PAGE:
In response to widespread and dangerous vulnerabilities, such as Log4j and the exploited GoAnywhere remote-code execution flaw, savvy organizations are continuing to scan their code bases for vulnerabilities on a weekly or even daily basis. But turning up more vulnerabilities means more decisions about which problems to fix and how to do so.
"A single, first-party code scanning report may include dozens to hundreds of thousands of findings. A manual fix for each vulnerability takes anywhere from 30 minutes to several hours or even days, costing hundreds or thousands of dollars," says Eitan Worcel, CEO and co-founder of Mobb, a finalist in the Black Hat USA Startup Spotlight Competition this year. "By fixing more vulnerabilities faster, organizations produce more secure applications and keep resources focused on new innovations."
That's what Mobb aims to do. After running a vulnerability scan with any of a wide range of static application security testing (SAST) tools, the developer uploads the results to Mobb's platform. The "fix engine" combines artificial intelligence (AI) with static code analysis and deterministic security algorithms to find the problematic sections of code and recommend a fix based on its knowledge of best practices. When the developer accepts the recommendation, Mobb fixes the code and feeds the decision into its AI to improve future decisions. Mobb implements the fix, Worcel says, but not without the developer's OK.
"Mobb doesn't find vulnerabilities — it fixes them," he says.
What Makes Mobb Run
Worcel attributes his company's success to the team's years of experience at all levels of application security, from research to implementation.
"We know firsthand where and why appsec programs fall short on both the user and vendor sides," he says.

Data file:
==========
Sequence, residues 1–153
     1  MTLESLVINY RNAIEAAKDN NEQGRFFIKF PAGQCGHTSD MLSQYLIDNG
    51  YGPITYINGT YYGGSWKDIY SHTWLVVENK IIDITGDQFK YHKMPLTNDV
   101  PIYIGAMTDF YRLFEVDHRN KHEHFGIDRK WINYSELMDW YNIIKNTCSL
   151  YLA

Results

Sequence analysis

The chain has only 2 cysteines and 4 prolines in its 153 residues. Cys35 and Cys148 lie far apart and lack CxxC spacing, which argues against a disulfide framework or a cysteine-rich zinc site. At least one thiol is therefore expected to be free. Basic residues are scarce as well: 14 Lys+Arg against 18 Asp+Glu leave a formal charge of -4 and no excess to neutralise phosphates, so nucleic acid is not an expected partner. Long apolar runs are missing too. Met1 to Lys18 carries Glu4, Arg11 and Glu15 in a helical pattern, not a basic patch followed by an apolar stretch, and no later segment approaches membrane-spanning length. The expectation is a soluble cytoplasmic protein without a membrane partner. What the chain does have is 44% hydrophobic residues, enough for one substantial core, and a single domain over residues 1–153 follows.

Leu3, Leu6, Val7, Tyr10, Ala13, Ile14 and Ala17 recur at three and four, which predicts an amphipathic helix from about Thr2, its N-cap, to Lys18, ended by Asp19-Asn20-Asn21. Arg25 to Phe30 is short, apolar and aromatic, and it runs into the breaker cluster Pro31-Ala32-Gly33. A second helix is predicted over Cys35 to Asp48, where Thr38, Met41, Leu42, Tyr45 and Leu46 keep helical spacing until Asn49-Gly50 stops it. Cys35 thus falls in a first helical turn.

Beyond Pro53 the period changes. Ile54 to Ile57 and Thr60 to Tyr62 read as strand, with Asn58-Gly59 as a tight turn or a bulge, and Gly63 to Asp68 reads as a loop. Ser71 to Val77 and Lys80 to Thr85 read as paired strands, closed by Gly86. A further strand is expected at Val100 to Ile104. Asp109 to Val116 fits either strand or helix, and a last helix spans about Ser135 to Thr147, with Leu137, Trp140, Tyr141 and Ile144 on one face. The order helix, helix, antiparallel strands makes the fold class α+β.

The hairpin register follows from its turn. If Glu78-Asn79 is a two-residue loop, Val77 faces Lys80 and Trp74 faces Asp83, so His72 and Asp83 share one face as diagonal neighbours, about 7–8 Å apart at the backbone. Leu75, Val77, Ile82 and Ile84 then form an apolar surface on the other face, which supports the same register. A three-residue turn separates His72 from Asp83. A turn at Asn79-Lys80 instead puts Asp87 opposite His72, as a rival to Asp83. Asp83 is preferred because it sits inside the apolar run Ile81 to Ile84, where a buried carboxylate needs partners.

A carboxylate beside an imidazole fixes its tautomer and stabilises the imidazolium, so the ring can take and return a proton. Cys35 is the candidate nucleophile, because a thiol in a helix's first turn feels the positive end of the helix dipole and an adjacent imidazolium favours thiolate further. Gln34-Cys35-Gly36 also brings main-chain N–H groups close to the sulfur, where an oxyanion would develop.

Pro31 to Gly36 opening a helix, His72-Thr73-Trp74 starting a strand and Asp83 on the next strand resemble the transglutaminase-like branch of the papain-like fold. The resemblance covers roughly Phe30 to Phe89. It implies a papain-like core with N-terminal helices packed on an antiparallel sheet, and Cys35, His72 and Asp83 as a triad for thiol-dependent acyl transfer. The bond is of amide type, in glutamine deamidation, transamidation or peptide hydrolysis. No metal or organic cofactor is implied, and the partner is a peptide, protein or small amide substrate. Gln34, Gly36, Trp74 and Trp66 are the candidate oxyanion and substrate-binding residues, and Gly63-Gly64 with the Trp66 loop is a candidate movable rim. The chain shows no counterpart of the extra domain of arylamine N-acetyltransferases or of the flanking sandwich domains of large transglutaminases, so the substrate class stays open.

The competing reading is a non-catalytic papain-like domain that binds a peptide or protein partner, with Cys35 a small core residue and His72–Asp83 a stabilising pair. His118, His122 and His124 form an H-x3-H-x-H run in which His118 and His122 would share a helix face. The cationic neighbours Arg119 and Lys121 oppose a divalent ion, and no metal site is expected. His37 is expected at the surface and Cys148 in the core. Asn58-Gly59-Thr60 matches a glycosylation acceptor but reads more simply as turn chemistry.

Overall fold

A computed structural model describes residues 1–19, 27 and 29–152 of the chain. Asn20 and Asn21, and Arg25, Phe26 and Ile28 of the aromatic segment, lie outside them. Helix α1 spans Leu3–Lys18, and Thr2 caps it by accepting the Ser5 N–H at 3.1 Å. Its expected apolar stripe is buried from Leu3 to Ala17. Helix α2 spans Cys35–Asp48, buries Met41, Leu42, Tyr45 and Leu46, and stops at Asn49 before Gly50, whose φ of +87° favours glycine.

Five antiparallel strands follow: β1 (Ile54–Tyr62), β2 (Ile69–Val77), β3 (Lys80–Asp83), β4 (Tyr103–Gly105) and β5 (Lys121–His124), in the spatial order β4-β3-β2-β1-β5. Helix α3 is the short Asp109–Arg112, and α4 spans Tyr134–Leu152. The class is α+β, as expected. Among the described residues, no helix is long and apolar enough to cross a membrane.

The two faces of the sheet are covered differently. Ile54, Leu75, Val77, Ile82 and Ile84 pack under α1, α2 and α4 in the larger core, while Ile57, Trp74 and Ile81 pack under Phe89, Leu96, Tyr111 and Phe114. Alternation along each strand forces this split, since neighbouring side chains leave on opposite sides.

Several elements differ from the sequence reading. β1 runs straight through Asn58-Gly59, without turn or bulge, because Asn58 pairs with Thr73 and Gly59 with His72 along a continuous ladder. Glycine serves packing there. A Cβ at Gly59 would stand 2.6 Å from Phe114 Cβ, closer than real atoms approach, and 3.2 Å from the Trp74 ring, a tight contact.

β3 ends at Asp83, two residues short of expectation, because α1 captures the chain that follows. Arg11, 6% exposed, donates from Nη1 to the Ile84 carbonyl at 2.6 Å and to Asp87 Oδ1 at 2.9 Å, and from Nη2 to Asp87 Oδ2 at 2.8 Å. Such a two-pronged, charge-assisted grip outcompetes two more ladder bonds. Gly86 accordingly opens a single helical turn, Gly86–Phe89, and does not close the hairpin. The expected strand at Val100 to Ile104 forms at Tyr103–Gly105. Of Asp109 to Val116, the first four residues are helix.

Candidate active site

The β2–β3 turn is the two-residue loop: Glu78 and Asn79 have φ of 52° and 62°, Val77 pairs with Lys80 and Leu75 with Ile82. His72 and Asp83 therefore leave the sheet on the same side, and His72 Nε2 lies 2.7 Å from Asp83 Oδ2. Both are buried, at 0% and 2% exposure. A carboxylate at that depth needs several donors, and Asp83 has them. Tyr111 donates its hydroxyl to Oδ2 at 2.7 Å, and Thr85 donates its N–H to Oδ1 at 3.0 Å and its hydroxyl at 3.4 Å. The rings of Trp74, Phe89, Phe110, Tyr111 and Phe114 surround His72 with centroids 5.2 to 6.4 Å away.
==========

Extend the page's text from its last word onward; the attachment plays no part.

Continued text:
Because the team knew how developers think and work, Worcel says, they could build a fix engine that developers would trust and actually use. The tool provides a fix assurance score, as well as information on the stability of each fix, to help developers decide whether to implement that fix.
"Developers don't want to fix security vulnerabilities and are not well-trained for it," he says. "They want to write new features, innovate, and have someone else do that dirty work of fixing for them."
One piece of the remediation puzzle that can be overlooked is that some scan results are missing details that could shed more light on what the ideal fix would be. By checking for such details and then asking the developer to provide any that are missing, Worcel says, Mobb improves both developer buy-in and the ultimate accuracy of the fix.
Ahead of Black Hat USA, Mobb will add the ability to automatically consume generated fixes into its IDEs or Git repos, and it will allow users to connect scanning tools directly to Mobb for a smoother onboarding experience. Over the next few months, Mobb will also be updating its AI-powered fix engine to increase available fixes, improve accuracy, and support additional languages.
Where Is Mobb Going?
The four finalists in the Black Hat Startup Spotlight — Mobb, Endor Labs, Gomboc, and Binarly — will present their business models to a panel of judges at the Mandalay Bay in Las Vegas on Wednesday, Aug. 9. Dark Reading's editor-in-chief, Kelly Jackson Higgins, will host the event, which begins at 4:30 p.m. PT.
Mobb will be hosting live demos in its booth at Black Hat, showing how it fixes vulnerabilities from security reports by leading SAST providers, such as Checkmarx, GitHub, Fortify, and Snyk. Attendees can also upload their own Java or Node.JS projects and run the tool on the floor. In addition, Mobb plans to present its open source fixer Bugsy at the Arsenal area.
The company's rather dramatic name was inspired by the character of Winston Wolf in Pulp Fiction, who introduces himself by saying, "I'm Winston Wolf. I solve problems." Worcel says that his Mobb "does the dirty work of fixing vulnerabilities to solve security backlog problems."
Founded: November 2021
Funding stage: Seed
Total funding raised so far: $5.4M
Number of employees: 9
If the company were a band, what would its band name be, and what kind of band would it be: "Mobb is a great name for a band, so we would keep it, and we would be a rock band — more precisely, grunge. Pearl Jam rules!!!"
Pineapple on pizza, yea or nay?: Yea